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Old 07-10-2013, 02:15 PM   #35
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Re: Nissan SMB

Installment 15 (5/31-6/1/13)

Headed toward Glennallen on route 1/junction with route 4. We intended to turn right toward Valdez and turn onto route 10 to McCarthy/Kennicott. (A cycling friend's family homesteaded there and said the area was beautiful.) Enroute to Glennallen, we learned there was flooding, and we couldn't get past the Copper River at Chitina. So we turned left onto route 4 until route 1 branched off to Tok. Enroute, we encountered flooding, some coming onto the road as we neared Tok. At the visitor center, we checked to see if "Top of the World" was open and if the ferry to Dawson (City) was operating. Yes to both.

The first half of route 5 is paved to Chicken (population of 3 in the winter and 27 in the summer). We stayed at the RV park there, because we had already driven over 300 miles and the road to Dawson is dirt. This is gold mining country, and you can pan for gold. Even though there was a river nearby and a stream running by the campground, all the water was trucked in. You can camp for free up the hill near the bar.

Route 5, now dirt, continues to Eagle, a mining supply town with a population of 86. At the junction, we took route 9, dirt and worse, to Dawson. Since the border stations are only open from 0800/0900 to 2200/2300 depending on Yukon or Alaska time, we had no on-coming traffic for the very narrow places with blind corners. (We later encountered huge RVs, semis and Touring Busses.) The actual border crossing is above the tree line. There was no snow, but some of the sheltered drifts were taller than the NV. The road had been chip sealed at some point, but it basically was loose gravel.

When we got to the Yukon River ferry crossing, the river was running high and fast. The Mile Post warns that you may wait up to 3 hours to cross, as they load vehicles according to size. There was a wait on the other side, but only a pickup crossed with us to Dawson.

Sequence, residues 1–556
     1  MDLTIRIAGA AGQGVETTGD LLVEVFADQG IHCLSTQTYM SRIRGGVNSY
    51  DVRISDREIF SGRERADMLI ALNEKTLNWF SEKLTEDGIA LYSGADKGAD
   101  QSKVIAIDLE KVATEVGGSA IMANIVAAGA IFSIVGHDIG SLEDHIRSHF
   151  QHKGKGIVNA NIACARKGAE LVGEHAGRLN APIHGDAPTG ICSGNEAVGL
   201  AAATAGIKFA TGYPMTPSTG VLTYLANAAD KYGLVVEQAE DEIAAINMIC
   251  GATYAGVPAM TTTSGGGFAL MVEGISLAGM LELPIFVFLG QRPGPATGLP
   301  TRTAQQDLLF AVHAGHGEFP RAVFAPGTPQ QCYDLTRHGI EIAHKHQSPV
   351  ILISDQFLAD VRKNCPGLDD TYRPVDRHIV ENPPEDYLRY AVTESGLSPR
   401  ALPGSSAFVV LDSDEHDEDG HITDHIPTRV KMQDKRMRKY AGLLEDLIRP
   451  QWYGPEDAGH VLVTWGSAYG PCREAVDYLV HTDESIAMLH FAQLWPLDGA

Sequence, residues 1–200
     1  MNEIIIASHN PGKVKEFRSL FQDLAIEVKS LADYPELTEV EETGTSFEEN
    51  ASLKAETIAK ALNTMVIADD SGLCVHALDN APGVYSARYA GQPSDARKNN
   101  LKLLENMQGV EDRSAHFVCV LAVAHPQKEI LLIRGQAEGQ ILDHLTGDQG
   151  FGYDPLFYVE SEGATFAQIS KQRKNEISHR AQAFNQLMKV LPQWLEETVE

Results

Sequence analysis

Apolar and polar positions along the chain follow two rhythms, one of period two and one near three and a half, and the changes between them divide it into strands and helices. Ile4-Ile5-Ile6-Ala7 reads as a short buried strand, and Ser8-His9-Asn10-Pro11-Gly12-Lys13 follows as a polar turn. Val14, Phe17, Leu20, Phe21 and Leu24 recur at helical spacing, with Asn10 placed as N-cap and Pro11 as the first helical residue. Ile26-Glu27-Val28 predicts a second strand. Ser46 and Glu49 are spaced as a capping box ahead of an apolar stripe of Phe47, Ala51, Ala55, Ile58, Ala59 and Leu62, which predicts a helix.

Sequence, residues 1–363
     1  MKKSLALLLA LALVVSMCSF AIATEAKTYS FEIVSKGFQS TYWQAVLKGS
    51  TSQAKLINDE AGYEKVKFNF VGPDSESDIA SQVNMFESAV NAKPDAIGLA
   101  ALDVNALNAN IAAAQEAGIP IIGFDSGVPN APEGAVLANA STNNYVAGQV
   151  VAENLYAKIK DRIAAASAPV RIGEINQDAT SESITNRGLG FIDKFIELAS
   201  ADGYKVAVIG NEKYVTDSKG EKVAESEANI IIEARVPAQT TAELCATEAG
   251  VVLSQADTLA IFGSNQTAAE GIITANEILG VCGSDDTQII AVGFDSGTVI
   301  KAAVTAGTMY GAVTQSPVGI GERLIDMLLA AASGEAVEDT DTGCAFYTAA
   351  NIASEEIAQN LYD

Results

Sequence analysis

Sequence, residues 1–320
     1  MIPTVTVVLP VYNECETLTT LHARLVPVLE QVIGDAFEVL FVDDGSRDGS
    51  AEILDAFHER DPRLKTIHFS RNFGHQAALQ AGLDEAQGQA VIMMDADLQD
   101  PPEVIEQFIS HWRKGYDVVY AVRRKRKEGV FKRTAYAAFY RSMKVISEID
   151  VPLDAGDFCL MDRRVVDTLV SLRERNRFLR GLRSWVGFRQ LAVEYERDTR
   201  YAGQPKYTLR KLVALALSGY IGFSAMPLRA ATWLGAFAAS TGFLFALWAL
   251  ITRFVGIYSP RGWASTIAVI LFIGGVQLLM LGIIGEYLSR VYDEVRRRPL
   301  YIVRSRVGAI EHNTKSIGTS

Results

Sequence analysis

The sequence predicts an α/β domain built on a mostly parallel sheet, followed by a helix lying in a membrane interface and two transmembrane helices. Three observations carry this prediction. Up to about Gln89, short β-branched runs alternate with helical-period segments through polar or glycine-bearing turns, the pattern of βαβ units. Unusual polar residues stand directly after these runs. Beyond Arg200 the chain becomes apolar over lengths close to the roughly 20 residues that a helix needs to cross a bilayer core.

There are 2 visitor centers in Dawson; one for Dawson and the other for the Northwest Territories. Both informed us the Demspter Highway was closed due to a washout at the Ogilvie River. It might be repaired by mid-week (6/5). So, we headed to the only bakery for coffee, scones and a loaf of bread. The owner told us he had never seen the river from his store over the dike. He said the flooding was due to getting 25'+ feet of snow in the mountains, when they normally get 10'.

We planned to stay at one of 2 provincial campgrounds, but both were under water. We continued on to the Dempster Highway to the campground at Tombstone Territorial Park.
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Old 07-11-2013, 05:56 PM   #36
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Re: Nissan SMB

Installment 16 (6/2/13)

The Dempster Highway is gravel from start to finish (456 miles to Inuvik); you go as far as you want, then make a u-turn. The road was dry and dusty, with no signs of flooding. We only drove to the Tombstone Range and alpine tundra viewpoint, 46 miles in. We stayed at the campground at mile post 44. The next morning, we checked with the wardens at the visitor center (well worth seeing). 30k of road was washed out at the Olgivie River, milepost 121, and the road was restricted to one lane due to flooding on the road before that. No opening was projected, so we headed back to route 2 and Whitehorse.